The Future Of Space: Daniel Bock Of Morpheus Space On How Space Travel and The Space Industry Can Improve Our Lives Here On Earth
An Interview With David Leichner
Be impatient and persistent: In contrary to 3. — you should not accept that space is slow — nor should you resign if things do not work at the first try. Fail fast and learn quickly — this is what really drives innovation and speed.
The commercial space industry has never been more active. With the privatization of the space industry, led by companies like SpaceX and Rocket Lab, billions of dollars are now being poured into pushing the boundaries of space travel. But while this is very exciting and interesting, how exactly will space exploration improve the lives of the vast, vast majority of us who will be remaining on earth? How can space exploration improve our society? In this interview series, we are talking to leaders from the space industry who can talk about the new developments in space travel and space technology, and how these developments can improve all of our lives. As a part of this series, I had the pleasure of interviewing Daniel Bock.
Daniel is a space entrepreneur with the aim to enable a sustainable and safe future of our planet Earth by seeking new ventures and pushing boundaries. Daniel is CEO & Co-Founder of the NewSpace company Morpheus Space that provides autonomous satellite mobility solutions to make space safer, more affordable, and more accessible.
Thank you so much for joining us in this interview series! Before we dive in, our readers would love to “get to know you” a bit better. Can you tell us a bit about your ‘backstory’ and how you got started in the space industry?
I’ve been always passionate about space — actually since I can think. I’ve been always fascinated by the vastness of space and am wondering if we are alone. So, it was quite obvious for me that space will play a big role in my life. Before Morpheus, I was a space engineer and Assistant Professor at a German university in Dresden. I did research in electric propulsion systems for satellites and worked for about a decade on the technology which later became the core tech of Morpheus Space which we founded in 2018. I’ve always been driven by the idea of exploring the unknown and pushing technological boundaries to provide solutions that bring us further as a human species.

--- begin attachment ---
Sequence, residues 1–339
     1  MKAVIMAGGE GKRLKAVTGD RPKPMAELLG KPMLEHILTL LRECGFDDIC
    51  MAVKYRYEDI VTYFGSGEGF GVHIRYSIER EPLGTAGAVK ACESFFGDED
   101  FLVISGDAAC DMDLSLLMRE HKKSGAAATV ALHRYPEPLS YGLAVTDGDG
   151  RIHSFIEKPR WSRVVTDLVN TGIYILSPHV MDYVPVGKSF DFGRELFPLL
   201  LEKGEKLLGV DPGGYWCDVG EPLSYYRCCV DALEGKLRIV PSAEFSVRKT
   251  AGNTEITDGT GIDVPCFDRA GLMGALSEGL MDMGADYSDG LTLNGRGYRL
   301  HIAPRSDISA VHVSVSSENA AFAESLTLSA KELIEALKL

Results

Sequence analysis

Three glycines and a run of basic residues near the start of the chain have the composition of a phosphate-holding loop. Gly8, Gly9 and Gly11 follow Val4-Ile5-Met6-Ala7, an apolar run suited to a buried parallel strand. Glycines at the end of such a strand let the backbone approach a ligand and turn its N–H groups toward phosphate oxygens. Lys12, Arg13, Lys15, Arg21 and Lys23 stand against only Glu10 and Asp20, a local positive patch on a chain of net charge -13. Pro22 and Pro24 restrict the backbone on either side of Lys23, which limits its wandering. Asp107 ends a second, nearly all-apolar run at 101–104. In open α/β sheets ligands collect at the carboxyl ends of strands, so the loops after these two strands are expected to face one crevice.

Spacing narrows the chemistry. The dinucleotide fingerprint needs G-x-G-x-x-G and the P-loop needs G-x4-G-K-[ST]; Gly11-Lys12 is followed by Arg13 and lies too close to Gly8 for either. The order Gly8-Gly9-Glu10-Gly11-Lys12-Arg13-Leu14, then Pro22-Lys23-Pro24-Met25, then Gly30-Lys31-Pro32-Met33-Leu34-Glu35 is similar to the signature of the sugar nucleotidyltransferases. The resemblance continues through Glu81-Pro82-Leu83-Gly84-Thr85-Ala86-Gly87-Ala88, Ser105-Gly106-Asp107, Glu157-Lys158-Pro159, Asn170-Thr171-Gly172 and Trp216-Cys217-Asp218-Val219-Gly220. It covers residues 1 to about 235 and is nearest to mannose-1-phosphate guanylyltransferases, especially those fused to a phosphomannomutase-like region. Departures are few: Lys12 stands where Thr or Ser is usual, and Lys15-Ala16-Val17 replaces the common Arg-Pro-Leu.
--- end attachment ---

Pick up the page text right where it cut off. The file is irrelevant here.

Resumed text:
Ok wonderful. Let’s now shift to the main focus of our interview. Can you tell our readers about the most interesting space related projects you are working on now?
Sure. Our vision at Morpheus Space is to enable so called dynamic constellations for the very first time. Today we are using satellites mostly for earth observation and communication and the industry changed dramatically in the last decade in regard of how these services are provided. We are moving away from large, super expensive single satellites to so called constellations — meaning networks of dozens, hundreds or even thousands of affordable satellites linked together to fulfil one mission objective like providing internet around the globe. However, these constellations are planned many years in advanced, built and finally deployed into space without actually being very much responsive on changing circumstances. So you are quite fixed with your initial plan and have to hope that things work out as you planned many years in advance. This concept is not really addressing our needs of a rapidly changing world we are living in. But with our technologies, we are now bringing flexibility to business models and means to react on events down on Earth. We are doing this by providing automated mobility solutions for satellites that can simply rearrange the shape of these constellations in a dynamic way — even when the satellites are already in space.
Applications for this new capability are countless — ranging from observing certain events on Earth on demand like natural catastrophes to following harvest cycles for precision agricultures for different regions around the globe. And we are just starting get a grasp of how this could affect many different industries.
How do you think this might change the world?
Space opened up in the last decade to be accessible for commercial use (instead of only being accessible for countries or agencies), but you still need to be a space expert or at least need a lot of space expertise within your team to really use space for your business. I however understand space as an infrastructure — a commodity for all of us like roads, trails, water or the internet. But to really get there, we need to lower the barriers to entry to space. This includes lowering the technological barriers but also the economical ones. At Morpheus we are working towards lowering both of them to make space accessible for more people and industries to finally become an inclusive infrastructure. If we are successful with our mission, you will be able to use space for your business without the need to be a space expert — how you are also nowadays don’t have to be an IT specialist anymore to use the internet to sell your products through it.
What are the three things that most excite you about the space industry today? Why?